Blood-Borne Viruses Risks with Sexual Activity

Blood-borne viruses (BBVs) are passed on when one person’s blood comes into contact with another person’s blood.  This can occur during sexual activity when someone comes in contact with contaminated blood and body fluids that contain blood.

Prevention and protection

Get tested – If you or your partner engage in sexual activity that put you at risk for BBVs, get tested regularly. If you have another STD you are more likely to get a BBV. Getting tested and treated for other STDs can lower your chances of getting BBVs.

Reduce the risk – Choose sex that is less risky than anal or vaginal sex. There is little to no risk of getting HIV through oral sex. You can’t get BBVs from sexual activities that don’t involve contact with body fluids (semen, vaginal fluid, or blood).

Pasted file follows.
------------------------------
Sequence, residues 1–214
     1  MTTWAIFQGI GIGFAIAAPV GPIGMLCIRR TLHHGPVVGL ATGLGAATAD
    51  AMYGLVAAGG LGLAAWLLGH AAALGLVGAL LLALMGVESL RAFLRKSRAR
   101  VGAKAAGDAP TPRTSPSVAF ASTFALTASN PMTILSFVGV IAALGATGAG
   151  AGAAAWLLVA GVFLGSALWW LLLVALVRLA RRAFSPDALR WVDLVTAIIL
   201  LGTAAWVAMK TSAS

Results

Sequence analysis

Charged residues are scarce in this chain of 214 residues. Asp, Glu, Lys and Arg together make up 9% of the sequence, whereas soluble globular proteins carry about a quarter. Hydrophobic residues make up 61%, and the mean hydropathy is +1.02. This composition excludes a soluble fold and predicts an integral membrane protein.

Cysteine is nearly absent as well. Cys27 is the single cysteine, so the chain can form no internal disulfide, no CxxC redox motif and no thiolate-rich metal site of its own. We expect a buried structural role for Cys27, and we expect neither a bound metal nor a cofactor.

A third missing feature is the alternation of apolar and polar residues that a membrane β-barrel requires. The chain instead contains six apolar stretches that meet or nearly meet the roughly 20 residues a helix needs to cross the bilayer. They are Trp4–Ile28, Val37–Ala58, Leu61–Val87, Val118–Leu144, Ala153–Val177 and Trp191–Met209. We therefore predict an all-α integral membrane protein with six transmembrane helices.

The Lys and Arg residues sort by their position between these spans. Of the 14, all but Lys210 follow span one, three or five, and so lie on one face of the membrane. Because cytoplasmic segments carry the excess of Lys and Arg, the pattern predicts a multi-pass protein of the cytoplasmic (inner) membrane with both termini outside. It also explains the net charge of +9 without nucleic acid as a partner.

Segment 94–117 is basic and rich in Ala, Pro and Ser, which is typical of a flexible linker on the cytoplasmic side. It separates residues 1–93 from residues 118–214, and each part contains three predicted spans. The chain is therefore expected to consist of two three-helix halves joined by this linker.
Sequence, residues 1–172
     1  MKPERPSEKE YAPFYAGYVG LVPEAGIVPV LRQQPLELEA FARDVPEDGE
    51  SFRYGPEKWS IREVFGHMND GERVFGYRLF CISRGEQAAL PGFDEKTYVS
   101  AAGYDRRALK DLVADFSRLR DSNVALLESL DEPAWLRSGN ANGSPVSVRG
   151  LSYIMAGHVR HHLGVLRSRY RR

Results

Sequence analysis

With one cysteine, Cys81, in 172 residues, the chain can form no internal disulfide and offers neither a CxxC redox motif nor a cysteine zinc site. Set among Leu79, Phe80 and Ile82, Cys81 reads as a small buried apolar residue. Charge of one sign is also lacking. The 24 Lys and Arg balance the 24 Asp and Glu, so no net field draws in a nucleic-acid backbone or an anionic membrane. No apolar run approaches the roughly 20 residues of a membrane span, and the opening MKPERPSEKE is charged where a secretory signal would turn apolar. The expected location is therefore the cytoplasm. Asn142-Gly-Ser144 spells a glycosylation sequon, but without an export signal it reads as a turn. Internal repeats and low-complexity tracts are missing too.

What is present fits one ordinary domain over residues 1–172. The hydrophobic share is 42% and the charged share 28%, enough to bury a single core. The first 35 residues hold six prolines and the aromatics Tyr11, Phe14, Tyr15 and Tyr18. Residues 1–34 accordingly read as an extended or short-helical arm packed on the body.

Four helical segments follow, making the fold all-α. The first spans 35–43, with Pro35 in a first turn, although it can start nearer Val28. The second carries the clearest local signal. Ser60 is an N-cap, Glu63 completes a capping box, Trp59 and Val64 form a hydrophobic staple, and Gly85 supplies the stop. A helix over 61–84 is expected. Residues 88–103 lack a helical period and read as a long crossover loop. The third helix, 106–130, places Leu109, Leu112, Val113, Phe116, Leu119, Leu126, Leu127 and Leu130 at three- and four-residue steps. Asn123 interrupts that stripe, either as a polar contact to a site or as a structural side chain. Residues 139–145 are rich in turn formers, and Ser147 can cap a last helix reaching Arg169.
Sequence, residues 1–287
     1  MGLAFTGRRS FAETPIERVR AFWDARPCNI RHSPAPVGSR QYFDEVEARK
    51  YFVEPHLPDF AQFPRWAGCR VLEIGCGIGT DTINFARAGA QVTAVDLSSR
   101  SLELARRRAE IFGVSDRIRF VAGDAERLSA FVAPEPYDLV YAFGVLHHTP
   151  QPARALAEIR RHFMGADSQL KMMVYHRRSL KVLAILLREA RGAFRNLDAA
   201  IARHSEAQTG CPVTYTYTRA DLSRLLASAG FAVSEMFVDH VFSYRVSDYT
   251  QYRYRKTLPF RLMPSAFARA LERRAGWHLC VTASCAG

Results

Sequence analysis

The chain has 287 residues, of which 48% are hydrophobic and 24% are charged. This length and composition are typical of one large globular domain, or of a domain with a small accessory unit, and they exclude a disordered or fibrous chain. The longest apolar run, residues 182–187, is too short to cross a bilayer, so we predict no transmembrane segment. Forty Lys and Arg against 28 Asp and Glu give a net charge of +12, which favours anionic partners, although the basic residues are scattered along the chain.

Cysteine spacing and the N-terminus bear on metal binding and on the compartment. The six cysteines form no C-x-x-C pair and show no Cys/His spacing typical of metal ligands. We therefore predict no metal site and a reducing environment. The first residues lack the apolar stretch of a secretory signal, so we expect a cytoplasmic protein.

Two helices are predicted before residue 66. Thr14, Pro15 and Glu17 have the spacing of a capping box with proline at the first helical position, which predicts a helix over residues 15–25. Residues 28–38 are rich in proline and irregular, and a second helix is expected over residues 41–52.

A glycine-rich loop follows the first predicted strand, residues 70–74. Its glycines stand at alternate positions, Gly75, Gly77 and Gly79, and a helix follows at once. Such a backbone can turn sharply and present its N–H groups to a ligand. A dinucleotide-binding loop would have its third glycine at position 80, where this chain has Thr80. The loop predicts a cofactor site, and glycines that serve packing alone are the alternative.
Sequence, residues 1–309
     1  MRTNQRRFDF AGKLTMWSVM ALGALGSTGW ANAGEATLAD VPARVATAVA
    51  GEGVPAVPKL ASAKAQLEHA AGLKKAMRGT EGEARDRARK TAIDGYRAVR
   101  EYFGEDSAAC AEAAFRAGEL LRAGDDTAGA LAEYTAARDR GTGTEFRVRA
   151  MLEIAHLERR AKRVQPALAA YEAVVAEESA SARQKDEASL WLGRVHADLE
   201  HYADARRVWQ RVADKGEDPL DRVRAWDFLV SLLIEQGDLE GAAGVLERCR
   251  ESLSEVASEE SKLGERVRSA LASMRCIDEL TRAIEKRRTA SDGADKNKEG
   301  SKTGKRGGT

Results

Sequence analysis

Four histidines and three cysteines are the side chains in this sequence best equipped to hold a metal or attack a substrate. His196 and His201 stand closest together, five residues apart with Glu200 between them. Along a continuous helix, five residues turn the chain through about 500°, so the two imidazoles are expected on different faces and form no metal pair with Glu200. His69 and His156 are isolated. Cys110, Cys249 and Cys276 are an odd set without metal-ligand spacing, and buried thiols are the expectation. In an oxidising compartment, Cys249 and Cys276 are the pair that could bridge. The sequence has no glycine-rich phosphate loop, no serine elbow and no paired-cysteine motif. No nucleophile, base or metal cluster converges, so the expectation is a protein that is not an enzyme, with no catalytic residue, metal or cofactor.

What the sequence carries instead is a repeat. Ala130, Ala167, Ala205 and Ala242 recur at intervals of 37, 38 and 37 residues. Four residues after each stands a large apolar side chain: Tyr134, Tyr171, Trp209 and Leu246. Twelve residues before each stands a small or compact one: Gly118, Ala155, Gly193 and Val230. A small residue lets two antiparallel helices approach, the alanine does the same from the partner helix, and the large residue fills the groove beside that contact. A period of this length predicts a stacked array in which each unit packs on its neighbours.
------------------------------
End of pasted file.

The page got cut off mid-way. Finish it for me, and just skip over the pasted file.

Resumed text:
Use Condoms – Use condoms the right way every time you have sex. Condoms are highly effective in preventing BBVs and other sexually transmitted diseases (STDs), like gonorrhea and chlamydia. Use water-based or silicone-based lubricants to help prevent condoms from breaking or slipping during sex.

Did you know?

  • You can get BBVs from genital-to-genital contact if bodily fluids are present.
  • Younger females are biologically more susceptible to BBVs.
  • An infected mother can pass BBVs to her baby during vaginal birth.
  • BBVs are contagious and any sexually active person can get them.
  • People can be re-infected if they have sex before their treatment is complete, or if their partners are untreated.
  • Just because you have had a BBV before doesn’t mean you won’t get one again.

Contact the BBVAware Program